Branding and Trademark 101 for Food Truck Businesses


ftm-social-media7 Trademark Attorney Chicago
It’s lunchtime.
Hungry 9 to 5ers troll the food truck zones for the latest and greatest delectables on wheels.
More than 7 trucks are lined up, back to back.
Now, they must decide which truck will receive their hard earned cash.
They could choose the truck with the shortest line, right? But no doubt, they’ll wonder “Why is the line so short?”

Of course, you’ve got a core group of loyal customers. That’s fantastic.
But, hundreds of potential customers are untapped + green to the food truck world.
How do they choose? 
Before they even see your amazing menu.
Before they can be greeted with a dazzling grin, and stellar customer service. Yep, before that.

They choose the truck with the most stand out brand.

It’s your first impression and what makes people say, “Oooh let’s go to that truck right there.”

Your food truck brand is your first handshake with the public.

Not only that, but your brand is a company asset. It can be leased, or sold. It adds value to your bottom line…if you’ve taken the necessary steps to own the trademark for it.

It’s time to inventory  your brand elements (think: brand name, logo) to determine whether they can be protected with a trademark. 

Not any random word or symbol can be registered as a trademark. A trademark commonly refers to a name, slogan, brand, logo, or combination of,  that identifies the source of a good or service  (sound and color are less common forms of trademarks).

The examining attorneys from the United States Patent and Trademark Office (USPTO) are responsible for reviewing and analyzing all trademark applications. If your trademark, does not meet the criteria pursuant to the Lanham Act, then guess what?

Access denied.

Owning a trademark is not a right. It is a privilege. 

Now that you know that none of us are entitled to a trademark for our brands, let’s talk about criteria that you need to keep in mind as you develop your brand.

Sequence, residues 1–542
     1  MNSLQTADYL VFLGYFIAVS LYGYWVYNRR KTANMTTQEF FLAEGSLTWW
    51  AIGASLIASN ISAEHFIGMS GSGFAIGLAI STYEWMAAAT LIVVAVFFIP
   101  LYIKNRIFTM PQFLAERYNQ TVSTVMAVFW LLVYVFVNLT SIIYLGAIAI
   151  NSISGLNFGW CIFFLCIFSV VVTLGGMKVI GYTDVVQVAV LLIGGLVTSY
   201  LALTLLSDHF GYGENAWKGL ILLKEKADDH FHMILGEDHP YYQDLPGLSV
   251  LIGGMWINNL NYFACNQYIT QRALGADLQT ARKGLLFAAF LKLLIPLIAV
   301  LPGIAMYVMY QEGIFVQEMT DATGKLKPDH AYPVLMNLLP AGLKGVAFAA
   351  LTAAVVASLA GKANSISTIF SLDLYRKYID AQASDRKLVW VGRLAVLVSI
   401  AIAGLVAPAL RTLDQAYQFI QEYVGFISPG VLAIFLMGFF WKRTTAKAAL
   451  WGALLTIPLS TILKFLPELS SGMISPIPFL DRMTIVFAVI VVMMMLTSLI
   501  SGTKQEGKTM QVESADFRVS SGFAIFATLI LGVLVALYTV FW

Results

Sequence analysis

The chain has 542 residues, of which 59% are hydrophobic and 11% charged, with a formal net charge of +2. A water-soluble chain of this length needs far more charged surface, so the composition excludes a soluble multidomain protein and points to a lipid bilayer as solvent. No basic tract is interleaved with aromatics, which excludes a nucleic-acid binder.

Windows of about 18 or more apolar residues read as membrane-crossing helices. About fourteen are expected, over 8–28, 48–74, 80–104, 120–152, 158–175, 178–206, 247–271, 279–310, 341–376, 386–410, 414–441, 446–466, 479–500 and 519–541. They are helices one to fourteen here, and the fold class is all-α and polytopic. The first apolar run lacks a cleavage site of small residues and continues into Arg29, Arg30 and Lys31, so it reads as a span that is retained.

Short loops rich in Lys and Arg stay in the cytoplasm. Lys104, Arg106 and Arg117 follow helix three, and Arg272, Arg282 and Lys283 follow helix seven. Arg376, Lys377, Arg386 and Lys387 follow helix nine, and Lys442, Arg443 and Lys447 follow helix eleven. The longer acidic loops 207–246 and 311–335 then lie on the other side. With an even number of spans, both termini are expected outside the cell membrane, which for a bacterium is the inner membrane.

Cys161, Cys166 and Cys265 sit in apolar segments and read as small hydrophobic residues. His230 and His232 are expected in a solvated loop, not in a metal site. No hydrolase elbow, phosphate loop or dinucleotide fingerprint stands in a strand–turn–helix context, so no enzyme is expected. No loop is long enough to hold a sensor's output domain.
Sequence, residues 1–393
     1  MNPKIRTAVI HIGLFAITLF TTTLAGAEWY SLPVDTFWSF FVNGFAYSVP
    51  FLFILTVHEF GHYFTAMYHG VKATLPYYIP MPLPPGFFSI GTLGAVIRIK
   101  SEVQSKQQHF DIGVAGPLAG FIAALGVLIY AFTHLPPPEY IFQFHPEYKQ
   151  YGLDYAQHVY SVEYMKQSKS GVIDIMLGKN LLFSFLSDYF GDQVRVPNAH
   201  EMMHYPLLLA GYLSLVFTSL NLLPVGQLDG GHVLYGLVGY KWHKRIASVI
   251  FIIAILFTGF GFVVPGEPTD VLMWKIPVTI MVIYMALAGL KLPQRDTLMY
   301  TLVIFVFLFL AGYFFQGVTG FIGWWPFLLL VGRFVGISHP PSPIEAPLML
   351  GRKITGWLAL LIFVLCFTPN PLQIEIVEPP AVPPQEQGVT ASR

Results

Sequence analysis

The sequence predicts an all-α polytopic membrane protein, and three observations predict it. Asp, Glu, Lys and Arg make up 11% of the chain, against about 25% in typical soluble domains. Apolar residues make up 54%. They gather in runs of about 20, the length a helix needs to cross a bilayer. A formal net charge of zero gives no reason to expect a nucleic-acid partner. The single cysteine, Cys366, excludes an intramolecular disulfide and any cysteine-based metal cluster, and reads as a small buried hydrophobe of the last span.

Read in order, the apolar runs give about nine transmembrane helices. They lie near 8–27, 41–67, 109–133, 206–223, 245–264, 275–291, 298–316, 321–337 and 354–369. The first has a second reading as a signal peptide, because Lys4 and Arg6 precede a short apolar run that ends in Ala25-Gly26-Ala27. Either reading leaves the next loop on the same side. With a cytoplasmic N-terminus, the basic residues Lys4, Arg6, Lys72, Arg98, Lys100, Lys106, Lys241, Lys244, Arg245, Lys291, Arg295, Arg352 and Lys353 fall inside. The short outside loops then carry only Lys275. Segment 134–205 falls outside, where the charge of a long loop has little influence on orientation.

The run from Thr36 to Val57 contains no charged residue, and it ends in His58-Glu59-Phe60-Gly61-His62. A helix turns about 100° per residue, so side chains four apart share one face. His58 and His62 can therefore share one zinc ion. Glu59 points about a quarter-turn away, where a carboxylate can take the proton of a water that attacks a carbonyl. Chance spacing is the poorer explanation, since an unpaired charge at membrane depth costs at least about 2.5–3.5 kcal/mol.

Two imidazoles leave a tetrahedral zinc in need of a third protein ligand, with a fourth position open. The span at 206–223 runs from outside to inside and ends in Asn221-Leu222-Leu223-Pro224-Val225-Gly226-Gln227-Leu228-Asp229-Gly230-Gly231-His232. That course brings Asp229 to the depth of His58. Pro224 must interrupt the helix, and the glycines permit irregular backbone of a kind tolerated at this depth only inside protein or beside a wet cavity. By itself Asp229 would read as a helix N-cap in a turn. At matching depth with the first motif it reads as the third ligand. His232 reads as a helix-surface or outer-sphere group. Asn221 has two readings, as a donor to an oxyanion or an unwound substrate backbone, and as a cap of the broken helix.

1. Is your logo/tagline/brand name unique?

A trademark cannot create a “likelihood of confusion” with another mark. The likelihood of confusion test is not based upon your personal opinion, what the general public is likely to think. If the public is likely to mistake your trademark for another then it probably creates a likelihood of confusion.  Some of the factors that the USPTO will consider to determine whether there is a likelihood of confusion are:

  • Similarity in appearance, phonetics (sound), and commercial impression;
  • Similarity in trade channels (brick and mortar distribution v. online);
  • The relatedness of the goods or services.

While developing your brand keep these things in mind. An attorney will be able to conduct a more sophisticated analysis, but you can do a preliminary test on your own.

2. Does your logo/tagline/brand name simply describe what you do or sell?

A trademark cannot merely describe your good or service. Specifically, it cannot primarily describe an ingredient, quality, characteristic, function, feature, or purpose. Remember, what I said earlier? A trademark identifies the source. If your brand name pretty much just tells the public what you do, think about how you can tweak the name. If you are dead set on keeping it, then definitely consult with an attorney who has trademark experience to walk you through alternate strategies.

3. Does your logo/tagline/brand name primarily describe a geographic location?

Again, the USPTO will refuse your registration if your logo/tagline/brand name:

  • Includes a geographic location as a primary feature;
  • Buyers would think that the goods or services come from the place identified in it;
  • It actually identifies the geographic origin of the goods or services.

Now, there are other (yet less ideal) ways to handle this scenario.  For example, you might be able to register the logo, but not standard character (the words). The problem here is that you have a trademark for the design only. If someone uses the name of your brand in a different font, color, image then you are shit out of luck.

4. Is your brand name your name?

You cannot register your surname as a trademark just because. You must demonstrate commercial significance of the mark – that you’ve been using it “openly and continuously” as it pertains to your goods or services for quite some time. The burden of proof is typically high for this criteria and it may take a while to get registered. The best thing that you can do is to use it consistently (as it pertains to your goods or services).

Use this post to double check your brand elements. It might need some tweaking, and that’s fine. You want your brand to not only help you stand out in the crowd, but position it as a legit asset that can add value (yes, cha ching) to your bottom line.

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